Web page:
I suppose I should get back to Victor Camps. He was my father’s friend, and apparently liked me quite a lot, although I don’t really think he did. He was alive during the First World War, enlisted in the army, and then got himself gassed by some Germans while having a smoke in the second battle of Ypres, although he never did learn how to pronounce the word. He lived, I should add. But he couldn’t really speak afterwards. I’m not sure if that was solely because of the gas messing up his throat, or a combination of inhaling gas and cigarette smoke at the same time. So when he did learn how to pronounce ee-pres he couldn’t even say it, which was quite upsetting for him, I believe. He still smoked though, but he had to smoke French cigarettes, which apparently aren’t very nice. I can’t really comment on that, not having had one before, although une cigarette est une cigarette est une cigarette dans tous les pays, if you ask me. Obviously he didn’t. But he did ask me whether or not he should open The Tavern on Mars. Well he didn’t ask per say, he wrote it down on a napkin in the pub down the road, but I said yes all the same. We eventually worked out that he should make it very futuristic, with aliens and tellies and spaceships and strange noises playing (although I did tell him that the noises would probably annoy people). He said (read: wrote) that he also wanted it to be old school, like a fusion of the future and the past. I’m not really sure what he meant by old school, and I don’t think many of the patrons of The Tavern on Mars do either, but he was insistent. He made me go and find pictures of what the road The Tavern is on used to look like, which was really quite difficult. We then took it to some artist who added gaudy little aliens to the pictures that I didn’t like but Victor did. After that we found out all the history about what happened in this town, about how the French blockaded the road and used it as a vantage point to try and keep the Germans out. It didn’t work, obviously, and most of the road was ruined because your average road isn’t built to withstand the weight of tanks and missiles and whatnot. But we did it anyway, and Victor wrote a little piece about how he had to help put the road back together so that the Germans could get their tanks over it, even though he didn’t know anything about building roads. He did it anyway, though, and with the help of a few other men they got the road fixed, and the Germans got their tanks over it and went on to gas more people in other places.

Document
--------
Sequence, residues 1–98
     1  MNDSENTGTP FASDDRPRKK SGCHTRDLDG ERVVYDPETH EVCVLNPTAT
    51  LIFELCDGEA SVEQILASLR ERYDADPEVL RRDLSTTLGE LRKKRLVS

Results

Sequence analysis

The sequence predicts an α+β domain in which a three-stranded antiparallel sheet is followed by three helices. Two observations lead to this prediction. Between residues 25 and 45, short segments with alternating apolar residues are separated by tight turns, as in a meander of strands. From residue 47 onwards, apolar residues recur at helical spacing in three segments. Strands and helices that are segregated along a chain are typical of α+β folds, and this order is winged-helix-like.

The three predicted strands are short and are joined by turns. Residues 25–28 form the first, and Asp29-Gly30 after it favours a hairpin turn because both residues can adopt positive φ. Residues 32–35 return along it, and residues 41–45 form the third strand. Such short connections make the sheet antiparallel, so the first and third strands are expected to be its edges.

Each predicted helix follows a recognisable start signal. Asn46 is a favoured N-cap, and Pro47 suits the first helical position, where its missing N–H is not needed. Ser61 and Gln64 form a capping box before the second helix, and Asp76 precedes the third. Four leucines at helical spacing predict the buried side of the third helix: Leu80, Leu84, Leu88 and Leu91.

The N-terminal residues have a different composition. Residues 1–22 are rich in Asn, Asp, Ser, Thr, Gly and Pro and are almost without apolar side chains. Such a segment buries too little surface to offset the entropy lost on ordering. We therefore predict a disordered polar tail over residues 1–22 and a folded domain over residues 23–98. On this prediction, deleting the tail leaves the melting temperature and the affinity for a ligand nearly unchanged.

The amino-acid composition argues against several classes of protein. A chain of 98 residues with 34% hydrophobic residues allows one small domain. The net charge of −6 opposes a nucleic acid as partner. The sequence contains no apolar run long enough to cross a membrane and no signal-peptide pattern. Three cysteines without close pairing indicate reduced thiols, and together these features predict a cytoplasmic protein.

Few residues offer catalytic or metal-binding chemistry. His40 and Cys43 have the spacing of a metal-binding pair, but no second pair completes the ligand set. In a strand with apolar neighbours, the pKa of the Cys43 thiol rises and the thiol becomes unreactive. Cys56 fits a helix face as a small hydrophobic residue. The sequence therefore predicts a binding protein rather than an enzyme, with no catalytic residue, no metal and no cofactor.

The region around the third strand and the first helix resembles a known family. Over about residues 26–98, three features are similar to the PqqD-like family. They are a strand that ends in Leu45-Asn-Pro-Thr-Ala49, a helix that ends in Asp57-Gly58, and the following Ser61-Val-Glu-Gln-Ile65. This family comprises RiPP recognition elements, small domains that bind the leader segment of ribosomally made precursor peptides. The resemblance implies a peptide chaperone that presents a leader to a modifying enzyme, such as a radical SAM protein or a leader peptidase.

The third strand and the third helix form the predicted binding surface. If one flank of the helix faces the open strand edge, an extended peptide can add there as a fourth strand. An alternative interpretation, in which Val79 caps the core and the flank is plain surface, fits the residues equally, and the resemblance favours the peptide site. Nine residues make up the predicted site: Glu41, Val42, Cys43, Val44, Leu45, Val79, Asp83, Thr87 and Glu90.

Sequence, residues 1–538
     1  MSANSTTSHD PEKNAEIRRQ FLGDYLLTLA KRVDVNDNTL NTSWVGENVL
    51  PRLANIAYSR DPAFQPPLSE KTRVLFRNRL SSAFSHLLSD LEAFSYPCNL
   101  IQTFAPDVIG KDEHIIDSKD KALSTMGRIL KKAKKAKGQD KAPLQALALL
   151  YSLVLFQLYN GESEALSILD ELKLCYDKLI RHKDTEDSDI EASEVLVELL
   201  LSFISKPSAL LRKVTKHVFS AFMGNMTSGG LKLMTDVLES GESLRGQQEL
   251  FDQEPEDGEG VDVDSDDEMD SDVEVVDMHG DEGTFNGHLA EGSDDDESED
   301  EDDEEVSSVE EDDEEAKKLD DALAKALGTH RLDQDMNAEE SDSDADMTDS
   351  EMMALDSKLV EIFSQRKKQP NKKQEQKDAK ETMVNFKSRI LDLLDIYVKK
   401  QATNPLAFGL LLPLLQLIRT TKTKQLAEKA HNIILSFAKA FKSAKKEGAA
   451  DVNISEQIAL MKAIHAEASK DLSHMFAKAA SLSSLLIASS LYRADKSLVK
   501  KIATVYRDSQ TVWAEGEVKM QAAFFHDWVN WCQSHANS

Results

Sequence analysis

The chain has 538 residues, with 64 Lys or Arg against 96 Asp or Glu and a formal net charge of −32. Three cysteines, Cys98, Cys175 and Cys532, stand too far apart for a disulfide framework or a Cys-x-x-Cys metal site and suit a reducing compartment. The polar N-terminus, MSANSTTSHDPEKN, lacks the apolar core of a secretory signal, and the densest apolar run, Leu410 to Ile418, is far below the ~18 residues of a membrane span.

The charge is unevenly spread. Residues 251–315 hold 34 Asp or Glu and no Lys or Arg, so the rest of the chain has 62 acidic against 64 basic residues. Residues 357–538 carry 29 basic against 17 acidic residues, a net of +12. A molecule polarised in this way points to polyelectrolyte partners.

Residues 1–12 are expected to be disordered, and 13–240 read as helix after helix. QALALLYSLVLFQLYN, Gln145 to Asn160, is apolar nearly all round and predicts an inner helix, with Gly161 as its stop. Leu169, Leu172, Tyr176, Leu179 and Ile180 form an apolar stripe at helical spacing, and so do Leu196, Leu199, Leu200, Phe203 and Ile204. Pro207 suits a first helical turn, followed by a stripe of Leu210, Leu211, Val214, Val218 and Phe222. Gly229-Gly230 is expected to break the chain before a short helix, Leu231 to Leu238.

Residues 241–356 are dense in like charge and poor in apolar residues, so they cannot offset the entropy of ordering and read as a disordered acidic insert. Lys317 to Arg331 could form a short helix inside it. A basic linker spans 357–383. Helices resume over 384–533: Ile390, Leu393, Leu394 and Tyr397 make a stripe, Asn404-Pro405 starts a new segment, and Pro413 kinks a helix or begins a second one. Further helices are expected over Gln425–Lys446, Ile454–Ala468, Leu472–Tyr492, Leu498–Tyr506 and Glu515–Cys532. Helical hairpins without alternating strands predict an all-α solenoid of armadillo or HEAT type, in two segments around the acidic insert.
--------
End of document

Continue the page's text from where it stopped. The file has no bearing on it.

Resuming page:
A few months after that Victor watched a documentary on how eventually cars will fly and how everything will be electronic, and got a bit upset that he had wasted all that time building the damn road when it would just be remade in a couple of years time. The general consensus is that the gas made him a bit loopy, so to say, and that’s why he kept going on about flying cars and flying saucers and flying people. I think that’s why he wanted to make The Tavern on Mars a strange combination of the past and what he thought was the near future, so he wouldn’t have to redo the whole place in a few years time. He was a strange man.

Anyway, onto why I’ve killed him. In my head, that is. The reason is quite simple: Victor Camps has painted the road outside The Tavern on Mars. Purple. He painted it purple, because apparently that’s a very futuristic colour. It’s just a small patch, to be clear, but it’s not the colour a road should be. And now he’s just disappeared. Left a note saying he’s been abducted in my letterbox and then vanished. Maybe he has been abducted, I’m not really sure, but I do know that I have to pay for the road to be re-painted. Which is why I’ve killed him in my head, and burnt the chair he gave me as a wedding present. It was a garish thing, covered in stars and spacecrafts. I’m also taking the tellies that are in The Tavern, so my wife and I can watch in different rooms. Plus, I think that will ruin business a bit more, because most people just come for the eggs and the shows. Someone’s even put some gum on Victor’s story, so I think it’s safe to say nobody comes for that.